Wednesday, March 13, 2013

Illinois is #1 ... It Leads the Nation in Unfunded Public Sector Pension Pension Liabilities, Pension Fraud, Unpaid Bills and Chicago Style Politics

Illinois is #1. No doubt about it as it leads the league in several vital statistics. Let's consider a few.

The state is billions of dollars behind in paying its overdue bills, is essentially bankrupt, its public employee pension liabilities are underfunded by approximately $100 billion, its politics have long been dysfunctional, its elected state officals frequently end up in prison, and the Democratic Party run city of Chicago's murder rate, local politics, union dominance and public schools are a tragedy of epic proportions.

In other words, it's just business as usual in the Land of Lincoln as more details emerge from the latest fiasco, the SEC's case involving fraud by state of Illinois officials over a long period of time.

Thus, the pensions are not only grossly underfunded, but the state has been lying to its citizens and its lenders about the solvency of the fund over the past several years. And I thought Detroit was bad.

SEC v. Illinois says this:

"The Securities and Exchange Commission announced civil fraud charges Monday against the state of Illinois, which means it's now official: The Land of Lincoln has the nation's most reckless and dishonest state government when it comes to pension liabilities.

This week's order from the SEC reports that in multiple bond offerings from 2005 to 2009 "the State of Illinois misled bond investors about the adequacy of its statutory plan to fund its pension obligations and the risks created by the State's underfunding of its pension systems."

Unlike Illinois officials, the numbers don't lie. The state's five main pension funds are 40% funded, with a shortfall of close to $100 billion—and much more by some private estimates. It's hard to express how irresponsible politicians have to be to dig a hole this big. By comparison, the average state plan is funded at 75%, which is itself dangerously low.

Even Illinois politicians admit that their pensions ought to be 90% funded, and in 1994 they pretended they were enacting reform with the ironically titled "Pension Funding Act." But the law's methodology "structurally underfunded" the state's obligations and "backloaded the majority of pension contributions far into the future," says the SEC.

By 2009, one of the pension system's actuaries warned of "significant funding peril" while the Governor's budget office raised "serious concerns about the financial strain," says the SEC. But "this information was not disclosed to bond investors.". . .

In Illinois, there's little sign of reform, which suggests the SEC has more work to do. . . . As usual, there were no individuals charged, only an institution, and the institution neither admitted nor denied anything but merely promised to behave in the future.

Kudos to the SEC for shining a light on accounting practices that would get private market participants thrown in jail. But frauds are not committed by buildings or desks or chairs. They are committed by the people who occupy them, and the commission should hold them accountable."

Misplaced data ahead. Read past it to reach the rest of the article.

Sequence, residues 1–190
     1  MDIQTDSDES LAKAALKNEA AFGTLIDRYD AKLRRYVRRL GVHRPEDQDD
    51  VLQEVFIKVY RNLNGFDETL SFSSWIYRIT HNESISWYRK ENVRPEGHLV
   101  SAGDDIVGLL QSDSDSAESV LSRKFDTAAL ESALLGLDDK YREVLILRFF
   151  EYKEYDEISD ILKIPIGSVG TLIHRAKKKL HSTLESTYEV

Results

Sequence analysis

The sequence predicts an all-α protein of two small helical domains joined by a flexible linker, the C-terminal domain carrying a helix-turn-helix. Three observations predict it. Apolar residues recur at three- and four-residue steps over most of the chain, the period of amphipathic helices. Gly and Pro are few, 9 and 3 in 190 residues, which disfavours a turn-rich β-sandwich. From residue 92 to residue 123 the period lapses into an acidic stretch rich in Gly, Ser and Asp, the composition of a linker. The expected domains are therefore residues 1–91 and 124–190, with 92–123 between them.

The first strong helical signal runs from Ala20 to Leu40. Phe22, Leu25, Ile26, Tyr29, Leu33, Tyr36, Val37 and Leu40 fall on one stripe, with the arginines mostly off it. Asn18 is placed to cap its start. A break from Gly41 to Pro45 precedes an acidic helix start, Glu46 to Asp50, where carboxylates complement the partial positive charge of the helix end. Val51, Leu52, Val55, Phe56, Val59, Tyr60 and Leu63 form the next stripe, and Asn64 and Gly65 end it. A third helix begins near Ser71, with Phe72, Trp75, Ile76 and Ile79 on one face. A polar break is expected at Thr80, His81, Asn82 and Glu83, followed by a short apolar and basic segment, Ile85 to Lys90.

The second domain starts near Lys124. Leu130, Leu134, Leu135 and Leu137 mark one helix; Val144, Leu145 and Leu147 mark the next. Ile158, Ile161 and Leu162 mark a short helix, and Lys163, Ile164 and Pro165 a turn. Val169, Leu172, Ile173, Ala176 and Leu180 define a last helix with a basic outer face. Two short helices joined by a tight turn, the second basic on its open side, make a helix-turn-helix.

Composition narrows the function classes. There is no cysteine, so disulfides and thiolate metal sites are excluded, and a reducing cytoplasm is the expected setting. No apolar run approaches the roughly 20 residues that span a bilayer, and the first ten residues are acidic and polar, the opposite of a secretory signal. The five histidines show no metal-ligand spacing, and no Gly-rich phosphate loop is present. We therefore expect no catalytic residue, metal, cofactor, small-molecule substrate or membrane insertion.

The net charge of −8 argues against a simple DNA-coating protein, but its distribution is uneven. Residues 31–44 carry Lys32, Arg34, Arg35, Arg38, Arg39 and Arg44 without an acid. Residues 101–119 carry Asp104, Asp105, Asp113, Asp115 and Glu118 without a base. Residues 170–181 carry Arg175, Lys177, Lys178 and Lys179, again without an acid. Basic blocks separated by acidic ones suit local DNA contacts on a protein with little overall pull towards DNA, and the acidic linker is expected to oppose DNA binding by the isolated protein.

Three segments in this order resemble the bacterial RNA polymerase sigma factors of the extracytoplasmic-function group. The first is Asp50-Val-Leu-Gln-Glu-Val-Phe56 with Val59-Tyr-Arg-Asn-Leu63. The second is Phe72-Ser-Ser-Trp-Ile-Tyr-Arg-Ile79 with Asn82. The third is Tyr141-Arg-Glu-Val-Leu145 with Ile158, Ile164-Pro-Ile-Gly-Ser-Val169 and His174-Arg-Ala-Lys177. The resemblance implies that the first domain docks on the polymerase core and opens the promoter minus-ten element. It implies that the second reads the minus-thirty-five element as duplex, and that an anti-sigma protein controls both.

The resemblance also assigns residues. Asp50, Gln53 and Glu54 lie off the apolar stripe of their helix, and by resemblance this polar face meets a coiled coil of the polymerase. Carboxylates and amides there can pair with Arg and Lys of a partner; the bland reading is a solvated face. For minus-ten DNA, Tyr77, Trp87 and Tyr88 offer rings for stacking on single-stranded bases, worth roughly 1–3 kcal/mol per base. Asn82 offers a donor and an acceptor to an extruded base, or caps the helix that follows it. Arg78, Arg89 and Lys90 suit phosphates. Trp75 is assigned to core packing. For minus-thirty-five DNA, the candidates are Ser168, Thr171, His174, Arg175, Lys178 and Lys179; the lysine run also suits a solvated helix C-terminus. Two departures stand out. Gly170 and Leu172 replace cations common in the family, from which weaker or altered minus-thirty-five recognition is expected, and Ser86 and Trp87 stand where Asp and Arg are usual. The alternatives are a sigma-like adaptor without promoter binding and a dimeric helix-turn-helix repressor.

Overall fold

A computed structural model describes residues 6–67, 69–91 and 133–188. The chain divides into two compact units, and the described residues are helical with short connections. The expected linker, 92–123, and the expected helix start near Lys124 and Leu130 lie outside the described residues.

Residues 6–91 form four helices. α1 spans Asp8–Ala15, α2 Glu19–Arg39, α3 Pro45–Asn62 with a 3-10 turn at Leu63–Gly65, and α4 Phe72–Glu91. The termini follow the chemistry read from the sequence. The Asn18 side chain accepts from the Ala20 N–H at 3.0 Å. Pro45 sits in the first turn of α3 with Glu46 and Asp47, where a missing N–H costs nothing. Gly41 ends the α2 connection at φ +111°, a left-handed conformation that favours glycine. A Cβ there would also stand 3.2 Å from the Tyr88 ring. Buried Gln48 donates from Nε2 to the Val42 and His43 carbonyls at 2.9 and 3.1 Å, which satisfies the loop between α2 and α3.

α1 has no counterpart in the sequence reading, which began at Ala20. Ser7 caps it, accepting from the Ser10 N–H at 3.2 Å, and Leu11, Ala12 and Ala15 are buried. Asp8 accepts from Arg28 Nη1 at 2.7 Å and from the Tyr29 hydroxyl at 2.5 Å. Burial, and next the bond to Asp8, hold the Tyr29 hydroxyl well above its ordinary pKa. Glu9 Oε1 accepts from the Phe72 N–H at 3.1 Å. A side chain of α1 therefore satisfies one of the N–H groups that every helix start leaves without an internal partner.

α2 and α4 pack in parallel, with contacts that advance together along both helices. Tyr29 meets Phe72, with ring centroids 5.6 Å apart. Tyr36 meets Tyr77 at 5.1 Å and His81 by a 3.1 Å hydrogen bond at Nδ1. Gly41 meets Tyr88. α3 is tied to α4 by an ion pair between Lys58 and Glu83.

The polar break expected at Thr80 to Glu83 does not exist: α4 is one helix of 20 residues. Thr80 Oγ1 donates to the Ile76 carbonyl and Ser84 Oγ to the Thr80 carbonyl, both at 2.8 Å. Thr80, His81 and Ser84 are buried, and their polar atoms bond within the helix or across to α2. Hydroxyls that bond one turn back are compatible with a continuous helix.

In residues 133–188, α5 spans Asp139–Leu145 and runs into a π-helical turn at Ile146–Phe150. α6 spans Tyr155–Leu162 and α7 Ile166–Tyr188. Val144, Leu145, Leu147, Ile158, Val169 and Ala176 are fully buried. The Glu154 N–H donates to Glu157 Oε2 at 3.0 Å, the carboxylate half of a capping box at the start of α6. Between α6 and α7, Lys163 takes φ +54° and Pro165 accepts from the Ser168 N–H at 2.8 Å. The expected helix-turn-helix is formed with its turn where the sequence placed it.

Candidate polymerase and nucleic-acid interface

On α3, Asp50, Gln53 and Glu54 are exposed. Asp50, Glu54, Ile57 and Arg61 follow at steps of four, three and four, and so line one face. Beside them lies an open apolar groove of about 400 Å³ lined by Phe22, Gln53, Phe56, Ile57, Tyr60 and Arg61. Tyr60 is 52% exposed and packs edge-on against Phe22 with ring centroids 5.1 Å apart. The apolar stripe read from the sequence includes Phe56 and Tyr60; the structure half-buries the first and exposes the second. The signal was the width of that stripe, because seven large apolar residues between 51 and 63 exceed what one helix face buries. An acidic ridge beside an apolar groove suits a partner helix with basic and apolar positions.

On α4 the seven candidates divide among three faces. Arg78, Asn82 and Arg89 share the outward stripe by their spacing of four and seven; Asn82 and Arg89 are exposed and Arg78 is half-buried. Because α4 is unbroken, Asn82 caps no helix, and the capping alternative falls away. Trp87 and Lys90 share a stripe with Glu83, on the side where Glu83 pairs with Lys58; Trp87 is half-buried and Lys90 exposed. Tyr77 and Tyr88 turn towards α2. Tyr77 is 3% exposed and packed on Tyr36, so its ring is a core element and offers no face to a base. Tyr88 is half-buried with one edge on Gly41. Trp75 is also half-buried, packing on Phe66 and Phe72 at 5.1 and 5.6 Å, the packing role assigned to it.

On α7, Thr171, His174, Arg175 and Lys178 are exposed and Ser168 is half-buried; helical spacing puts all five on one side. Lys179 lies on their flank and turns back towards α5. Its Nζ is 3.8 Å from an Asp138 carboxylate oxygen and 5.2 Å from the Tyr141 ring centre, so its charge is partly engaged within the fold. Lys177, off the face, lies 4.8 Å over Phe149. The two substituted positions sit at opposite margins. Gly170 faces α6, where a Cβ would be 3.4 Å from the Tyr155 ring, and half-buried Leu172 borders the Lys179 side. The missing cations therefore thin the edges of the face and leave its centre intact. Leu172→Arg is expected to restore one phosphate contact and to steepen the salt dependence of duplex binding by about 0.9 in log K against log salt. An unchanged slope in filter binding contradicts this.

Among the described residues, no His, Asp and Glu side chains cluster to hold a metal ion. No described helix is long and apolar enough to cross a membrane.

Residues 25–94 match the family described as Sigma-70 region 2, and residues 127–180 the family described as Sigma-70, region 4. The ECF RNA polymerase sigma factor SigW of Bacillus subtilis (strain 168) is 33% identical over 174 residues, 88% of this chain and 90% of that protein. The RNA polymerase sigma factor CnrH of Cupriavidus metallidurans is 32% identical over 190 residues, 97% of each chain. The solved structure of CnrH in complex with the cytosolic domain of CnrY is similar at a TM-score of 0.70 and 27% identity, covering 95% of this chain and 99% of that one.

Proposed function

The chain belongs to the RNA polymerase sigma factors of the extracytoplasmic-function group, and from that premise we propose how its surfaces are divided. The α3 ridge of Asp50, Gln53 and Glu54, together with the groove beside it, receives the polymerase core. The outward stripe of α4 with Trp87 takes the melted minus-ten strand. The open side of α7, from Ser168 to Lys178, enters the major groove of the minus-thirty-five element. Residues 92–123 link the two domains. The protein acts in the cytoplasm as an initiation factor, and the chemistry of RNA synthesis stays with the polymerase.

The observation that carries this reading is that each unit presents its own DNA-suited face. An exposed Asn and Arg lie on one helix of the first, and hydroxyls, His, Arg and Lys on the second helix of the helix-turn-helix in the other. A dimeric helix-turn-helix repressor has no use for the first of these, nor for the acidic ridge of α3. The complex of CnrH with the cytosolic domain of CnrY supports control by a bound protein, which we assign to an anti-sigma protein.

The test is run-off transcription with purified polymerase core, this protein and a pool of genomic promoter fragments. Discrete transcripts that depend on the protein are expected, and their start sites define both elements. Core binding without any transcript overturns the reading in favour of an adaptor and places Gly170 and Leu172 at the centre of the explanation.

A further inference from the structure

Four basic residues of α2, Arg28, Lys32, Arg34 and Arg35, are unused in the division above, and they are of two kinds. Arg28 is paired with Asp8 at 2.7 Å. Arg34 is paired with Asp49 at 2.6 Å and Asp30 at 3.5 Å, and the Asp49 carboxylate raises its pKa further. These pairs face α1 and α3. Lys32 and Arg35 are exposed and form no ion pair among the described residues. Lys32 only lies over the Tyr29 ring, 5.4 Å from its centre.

Summing Up

Of course, any public officials caught lying in Illinois should be held accountable for their actions. But lying and cheating in Illinois politics is nothing new.

Are we going to try to arrest them all? If so, we'd better get busy and build some more prisons. But then Illinois can't afford to operate the prisons it already has. Oh well, maybe we can just round them up and shoot them. Just kidding. Maybe deport them instead. But who would want them? Italy maybe.

This pension fraud is a genuine biggie involving lots and lots of people who knew or should have known what was happening from day one. In fact, the public pension scandal undoubtedly involved criminal behavior. But that's not all.

It also included official gross negligence and the at least equally dangerous but willfully ignorant behavior on the part of many of the state's elected officials, bureaucrats and outside consultants as well. And lest we forget, lots of accountants, actuaries and lawyers participated in the scheme over the years, too.

Of course, the best way to clean house in Illinois would be to throw all the bums out and start anew. But that's simply not the way things are done in Illinois politics. Besides, the old bums would most likely be replaced by new bums with different names but the same old habits.

In my view, the good citizens (and there are millions of them) of the Land of Lincoln have been willing to accept far less from their politicians than what they have every right to expect. Regrettably, they're getting the kind of government that they deserve.

The state of political corruption in Illinois is epidemic, and it looks like it will remain that way for a long time to come.

Will Governor Quinn ride to the rescue? Are you kidding me? No way.

Who then? Well, that's a great question for which there is no readily apparent answer.

That's my take.

Thanks. Bob.

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